I’ve always thought that being a TV producer would be quite fun. Aside from the fact that I like to create things to entertain people (or at least try to), it would also mean getting to hear what the newsreaders say when the ads are on. Turns out, I’m not the only one, as that’s one of the things you get to do in developer NotGames’ debut title Not for Broadcast. Indeed this is one of the most engaging parts of the game, with the reaction of the newsreaders to the unveiling of what is essentially a new world order is fascinating to watch.
It’s a largely FMV-based game as you might expect, and you’re charged with the control of camera angles, selection of advertising, and avoiding interference via the means of a steady hand game. It’s not a hugely challenging game overall; in my time playing I never actually failed any levels, but there were a few where I got a low score. You’re granted a scorecard with a grade on it at the end of each level, which seems to be one way of adding replay value to the game.
At the moment, that replay value is much needed, with just three of a planned ten chapters included. You can play through this title in around two to three hours at the moment, although there is plenty of extra content that makes extra playthroughs worthwhile. Selecting images to represent news stories can affect the public perception of people and events for example, meaning that later stories about those same events and people can be vastly different.
Once you’ve created your news programme, you can rewatch it. If you want to see how it looks as a finished piece of work then you can just watch it through as if you were a viewer, but it’s the aforementioned behind the scenes type snippets that are the real meat and bones here.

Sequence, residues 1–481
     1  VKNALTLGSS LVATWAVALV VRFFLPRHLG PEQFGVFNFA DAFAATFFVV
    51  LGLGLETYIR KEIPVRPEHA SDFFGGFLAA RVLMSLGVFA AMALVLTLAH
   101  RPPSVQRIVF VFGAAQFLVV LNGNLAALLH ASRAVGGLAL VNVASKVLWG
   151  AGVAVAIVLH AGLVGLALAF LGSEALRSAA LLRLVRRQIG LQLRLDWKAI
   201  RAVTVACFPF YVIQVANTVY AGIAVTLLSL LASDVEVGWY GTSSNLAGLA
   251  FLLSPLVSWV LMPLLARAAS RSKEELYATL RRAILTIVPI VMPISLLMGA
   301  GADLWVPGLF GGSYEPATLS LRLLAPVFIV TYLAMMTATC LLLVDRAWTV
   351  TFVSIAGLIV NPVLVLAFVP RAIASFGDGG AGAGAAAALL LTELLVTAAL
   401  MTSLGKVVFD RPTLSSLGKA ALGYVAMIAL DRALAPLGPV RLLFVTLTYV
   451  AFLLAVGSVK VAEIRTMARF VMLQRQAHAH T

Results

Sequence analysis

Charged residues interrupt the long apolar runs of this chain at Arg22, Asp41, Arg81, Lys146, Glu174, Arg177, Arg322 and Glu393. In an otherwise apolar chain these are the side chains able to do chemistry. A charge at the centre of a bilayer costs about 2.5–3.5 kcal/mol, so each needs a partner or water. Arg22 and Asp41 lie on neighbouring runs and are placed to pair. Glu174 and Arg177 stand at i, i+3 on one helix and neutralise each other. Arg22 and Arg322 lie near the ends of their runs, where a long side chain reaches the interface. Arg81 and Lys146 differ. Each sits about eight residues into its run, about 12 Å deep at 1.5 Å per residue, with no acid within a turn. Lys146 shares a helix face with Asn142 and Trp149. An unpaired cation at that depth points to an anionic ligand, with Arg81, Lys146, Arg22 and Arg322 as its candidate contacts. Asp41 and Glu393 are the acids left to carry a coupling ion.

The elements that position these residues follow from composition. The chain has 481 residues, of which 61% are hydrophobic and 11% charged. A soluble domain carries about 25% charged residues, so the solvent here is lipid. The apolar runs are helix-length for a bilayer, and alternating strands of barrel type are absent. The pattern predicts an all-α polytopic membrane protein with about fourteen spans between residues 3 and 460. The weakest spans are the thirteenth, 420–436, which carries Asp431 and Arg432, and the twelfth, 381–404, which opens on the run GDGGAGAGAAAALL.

The basic premise of the story is that a new extremist government is elected on a premise of wealth and equality for all. But as the days since the election pass, the policies get more extreme, resulting in people questioning if the seemingly well-meaning government are actually as altruistic as they make out.
As well as the serious news stories, there are a number of light hearted sections. A bizarre sports section with a game featuring incomprehensible rules and a musical performed by school students that plays out just as cringely as you would expect are in the game so far, but it’s fair to expect more of this kind of thing when the game is fully complete.
Between the sections, multiple-choice interludes telling your character’s personal story of tension between a mixed-class family plays out. I didn’t notice any major differences from these choices and I’m not sure at the moment how necessary they are, but they gave a small change of pace if nothing else.
At the moment, with only a small amount of content, Not for Broadcast is a brief but satisfying affair. It feels like something that may well have come from the classic era of FMV games on systems like the CD-i and 3DO, so it might not be to everyone’s taste, but if you enjoyed those interactive-movie style games then this is one to check out. The developer is actively seeking feedback from players while they shape the game through its Early Access journey so getting in at this stage could make this title even more interactive.